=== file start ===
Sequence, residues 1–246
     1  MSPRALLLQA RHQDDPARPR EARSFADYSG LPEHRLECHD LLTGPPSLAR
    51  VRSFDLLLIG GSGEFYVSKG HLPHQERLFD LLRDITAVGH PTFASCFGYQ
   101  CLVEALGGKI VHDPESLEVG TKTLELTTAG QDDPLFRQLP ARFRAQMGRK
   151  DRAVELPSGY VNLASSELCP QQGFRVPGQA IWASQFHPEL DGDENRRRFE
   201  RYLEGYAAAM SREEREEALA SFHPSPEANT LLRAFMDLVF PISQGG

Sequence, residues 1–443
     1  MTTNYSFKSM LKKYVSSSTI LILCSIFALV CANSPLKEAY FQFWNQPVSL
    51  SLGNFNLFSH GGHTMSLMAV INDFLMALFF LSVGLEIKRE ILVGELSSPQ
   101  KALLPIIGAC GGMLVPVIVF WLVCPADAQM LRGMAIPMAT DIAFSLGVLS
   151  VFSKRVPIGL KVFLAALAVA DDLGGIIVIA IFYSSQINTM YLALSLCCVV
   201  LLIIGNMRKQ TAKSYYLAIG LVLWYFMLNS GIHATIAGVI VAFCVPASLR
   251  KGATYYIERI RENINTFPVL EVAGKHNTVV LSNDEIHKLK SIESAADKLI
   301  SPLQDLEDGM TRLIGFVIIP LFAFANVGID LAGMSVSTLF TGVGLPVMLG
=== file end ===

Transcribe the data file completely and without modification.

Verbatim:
Sequence, residues 1–246
     1  MSPRALLLQA RHQDDPARPR EARSFADYSG LPEHRLECHD LLTGPPSLAR
    51  VRSFDLLLIG GSGEFYVSKG HLPHQERLFD LLRDITAVGH PTFASCFGYQ
   101  CLVEALGGKI VHDPESLEVG TKTLELTTAG QDDPLFRQLP ARFRAQMGRK
   151  DRAVELPSGY VNLASSELCP QQGFRVPGQA IWASQFHPEL DGDENRRRFE
   201  RYLEGYAAAM SREEREEALA SFHPSPEANT LLRAFMDLVF PISQGG

Sequence, residues 1–443
     1  MTTNYSFKSM LKKYVSSSTI LILCSIFALV CANSPLKEAY FQFWNQPVSL
    51  SLGNFNLFSH GGHTMSLMAV INDFLMALFF LSVGLEIKRE ILVGELSSPQ
   101  KALLPIIGAC GGMLVPVIVF WLVCPADAQM LRGMAIPMAT DIAFSLGVLS
   151  VFSKRVPIGL KVFLAALAVA DDLGGIIVIA IFYSSQINTM YLALSLCCVV
   201  LLIIGNMRKQ TAKSYYLAIG LVLWYFMLNS GIHATIAGVI VAFCVPASLR
   251  KGATYYIERI RENINTFPVL EVAGKHNTVV LSNDEIHKLK SIESAADKLI
   301  SPLQDLEDGM TRLIGFVIIP LFAFANVGID LAGMSVSTLF TGVGLPVMLG